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Men’s style books: Sex and Suits by Anne Hollander

Conversations about menswear writing kept coming to the same book: Anne Hollander’s Sex and Suits: The Evolution of Modern Dress. Though led by a promising title, the content comes as something of a surprise. While enlightened enough to realize that a woman can, possessed of inherently fresh perspective, put together a men’s style book, I wouldn’t expect it to take this form. Sex and Suits has less in common with Cally Blackman’s highly visual 100 Years of Menswear, which primarily shows, than with Nicholas Antongiavanni’s thoroughly textual The Suit, which (in the male manner) primarily tells. Yet like fashion historian Blackman, art historian Hollander has an interest in the evolution of dress, and like Antongiavanni, she centers her analysis around what we today call the men’s suit: how it came about, how we wear it now, and what may become of it in the future.

We live in that future, since Sex and Suits came out in 1994. A curious age: the suit hardly enjoyed a heyday in mid-nineties America, nor do we look back to that era for high watermarks in other areas of men’s dress. But Hollander acknowledges writing at the suit’s low ebb, seizing the moment for Gauguin-ish reflection: where do we come from? What are we? Where are we going? She asks not just on behalf of male dressers, but for females as well, dealing with both sex and suits by tracing the relationship of men’s and women’s fashion from the seventeenth century to the then-present, a tale of separation, envy, imitation, and, finally, a new exchange. She establishes early on her sense of “something perpetually more modern about male dress that has always made it inherently more desirable than female dress.” She cares not about its supposed status or power, but “a certain fundamental esthetic superiority, a more advanced seriousness of visual form.”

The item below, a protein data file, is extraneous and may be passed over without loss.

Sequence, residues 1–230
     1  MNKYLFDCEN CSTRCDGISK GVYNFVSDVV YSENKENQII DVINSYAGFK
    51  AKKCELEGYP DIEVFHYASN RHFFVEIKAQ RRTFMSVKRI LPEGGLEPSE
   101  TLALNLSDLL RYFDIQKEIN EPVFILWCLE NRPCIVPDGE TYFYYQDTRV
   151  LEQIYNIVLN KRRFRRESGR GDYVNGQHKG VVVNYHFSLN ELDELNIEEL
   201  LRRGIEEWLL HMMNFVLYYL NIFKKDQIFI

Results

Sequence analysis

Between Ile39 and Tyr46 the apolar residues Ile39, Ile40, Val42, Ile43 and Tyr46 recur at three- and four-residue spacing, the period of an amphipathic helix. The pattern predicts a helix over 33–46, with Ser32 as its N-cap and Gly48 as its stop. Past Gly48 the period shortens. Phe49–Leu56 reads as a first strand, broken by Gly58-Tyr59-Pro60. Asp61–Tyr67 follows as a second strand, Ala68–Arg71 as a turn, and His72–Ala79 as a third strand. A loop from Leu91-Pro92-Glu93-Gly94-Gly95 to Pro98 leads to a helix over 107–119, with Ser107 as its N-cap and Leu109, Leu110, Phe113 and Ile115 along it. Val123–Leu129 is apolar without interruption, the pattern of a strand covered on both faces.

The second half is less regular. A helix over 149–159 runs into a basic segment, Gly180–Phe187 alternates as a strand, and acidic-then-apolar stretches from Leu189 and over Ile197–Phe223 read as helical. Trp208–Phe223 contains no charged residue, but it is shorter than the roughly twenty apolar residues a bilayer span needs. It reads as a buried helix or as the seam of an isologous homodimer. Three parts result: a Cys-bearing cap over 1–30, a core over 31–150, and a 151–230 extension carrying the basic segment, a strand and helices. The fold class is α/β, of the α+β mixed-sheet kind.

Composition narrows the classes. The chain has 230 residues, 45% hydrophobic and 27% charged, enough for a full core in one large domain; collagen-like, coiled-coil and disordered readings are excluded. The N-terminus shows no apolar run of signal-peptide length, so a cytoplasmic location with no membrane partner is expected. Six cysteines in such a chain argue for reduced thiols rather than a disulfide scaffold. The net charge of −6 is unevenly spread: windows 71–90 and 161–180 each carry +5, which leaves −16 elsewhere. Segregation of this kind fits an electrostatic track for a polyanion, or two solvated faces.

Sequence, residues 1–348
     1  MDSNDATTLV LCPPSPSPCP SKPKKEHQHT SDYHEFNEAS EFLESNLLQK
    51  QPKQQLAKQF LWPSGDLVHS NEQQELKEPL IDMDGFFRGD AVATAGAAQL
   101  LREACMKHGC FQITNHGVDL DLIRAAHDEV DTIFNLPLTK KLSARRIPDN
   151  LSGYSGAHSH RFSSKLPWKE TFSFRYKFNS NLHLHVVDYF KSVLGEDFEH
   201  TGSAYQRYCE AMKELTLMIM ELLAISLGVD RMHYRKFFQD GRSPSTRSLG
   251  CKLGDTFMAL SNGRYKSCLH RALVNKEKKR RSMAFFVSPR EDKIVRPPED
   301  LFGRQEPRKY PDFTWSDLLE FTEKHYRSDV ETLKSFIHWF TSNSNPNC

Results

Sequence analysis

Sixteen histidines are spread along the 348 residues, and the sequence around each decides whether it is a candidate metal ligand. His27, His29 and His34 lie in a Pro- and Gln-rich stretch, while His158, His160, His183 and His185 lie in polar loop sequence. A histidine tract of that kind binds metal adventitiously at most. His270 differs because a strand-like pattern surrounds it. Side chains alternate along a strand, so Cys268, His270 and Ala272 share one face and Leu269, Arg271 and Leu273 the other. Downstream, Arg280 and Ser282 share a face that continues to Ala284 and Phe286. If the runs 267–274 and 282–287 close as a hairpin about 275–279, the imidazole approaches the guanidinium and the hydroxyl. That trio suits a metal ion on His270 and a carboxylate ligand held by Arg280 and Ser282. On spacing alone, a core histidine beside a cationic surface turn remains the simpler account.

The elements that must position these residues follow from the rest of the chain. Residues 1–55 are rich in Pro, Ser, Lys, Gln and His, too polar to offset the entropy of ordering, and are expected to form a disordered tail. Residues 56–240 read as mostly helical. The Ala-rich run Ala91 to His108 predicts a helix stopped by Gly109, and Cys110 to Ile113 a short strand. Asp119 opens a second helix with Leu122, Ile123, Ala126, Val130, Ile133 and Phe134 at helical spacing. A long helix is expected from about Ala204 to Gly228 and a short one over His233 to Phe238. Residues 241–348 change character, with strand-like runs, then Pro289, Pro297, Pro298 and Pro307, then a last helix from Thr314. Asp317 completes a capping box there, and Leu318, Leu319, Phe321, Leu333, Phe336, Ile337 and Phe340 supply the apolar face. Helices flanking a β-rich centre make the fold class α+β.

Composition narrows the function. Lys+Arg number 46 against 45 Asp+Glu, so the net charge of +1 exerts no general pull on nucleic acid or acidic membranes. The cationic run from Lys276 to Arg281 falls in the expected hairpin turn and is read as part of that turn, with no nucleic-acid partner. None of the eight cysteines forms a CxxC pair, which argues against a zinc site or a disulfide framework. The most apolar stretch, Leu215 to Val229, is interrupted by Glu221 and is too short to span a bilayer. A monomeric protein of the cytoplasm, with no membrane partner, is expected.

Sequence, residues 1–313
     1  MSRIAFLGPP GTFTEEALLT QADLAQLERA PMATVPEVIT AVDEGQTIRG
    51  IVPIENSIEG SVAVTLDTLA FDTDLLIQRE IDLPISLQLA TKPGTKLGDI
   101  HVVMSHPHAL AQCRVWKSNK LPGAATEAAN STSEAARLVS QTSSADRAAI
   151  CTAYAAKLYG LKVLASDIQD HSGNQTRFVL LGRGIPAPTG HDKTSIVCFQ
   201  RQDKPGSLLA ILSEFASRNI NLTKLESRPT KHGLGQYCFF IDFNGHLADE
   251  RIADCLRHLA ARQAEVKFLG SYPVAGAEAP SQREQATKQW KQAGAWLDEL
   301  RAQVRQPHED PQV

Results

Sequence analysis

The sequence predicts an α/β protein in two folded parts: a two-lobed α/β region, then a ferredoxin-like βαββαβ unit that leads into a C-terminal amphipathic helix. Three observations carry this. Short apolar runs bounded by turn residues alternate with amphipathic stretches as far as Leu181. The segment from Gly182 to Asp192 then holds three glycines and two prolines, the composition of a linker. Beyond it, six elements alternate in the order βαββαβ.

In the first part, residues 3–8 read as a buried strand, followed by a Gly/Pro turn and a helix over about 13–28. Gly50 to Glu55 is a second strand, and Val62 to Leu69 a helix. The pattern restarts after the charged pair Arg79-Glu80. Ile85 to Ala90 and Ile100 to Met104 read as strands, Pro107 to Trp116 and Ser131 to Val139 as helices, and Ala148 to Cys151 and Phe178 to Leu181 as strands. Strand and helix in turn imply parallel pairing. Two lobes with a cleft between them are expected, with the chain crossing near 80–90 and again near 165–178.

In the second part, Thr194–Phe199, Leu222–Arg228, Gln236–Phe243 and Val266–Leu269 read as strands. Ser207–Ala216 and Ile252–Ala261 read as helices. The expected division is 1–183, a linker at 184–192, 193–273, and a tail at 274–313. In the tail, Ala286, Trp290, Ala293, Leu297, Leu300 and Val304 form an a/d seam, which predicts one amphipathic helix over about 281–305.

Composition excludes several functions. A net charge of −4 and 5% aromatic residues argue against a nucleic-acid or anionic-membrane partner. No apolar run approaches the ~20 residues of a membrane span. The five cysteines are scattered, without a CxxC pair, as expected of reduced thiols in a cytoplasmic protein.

Read the whole thing at Put This On.

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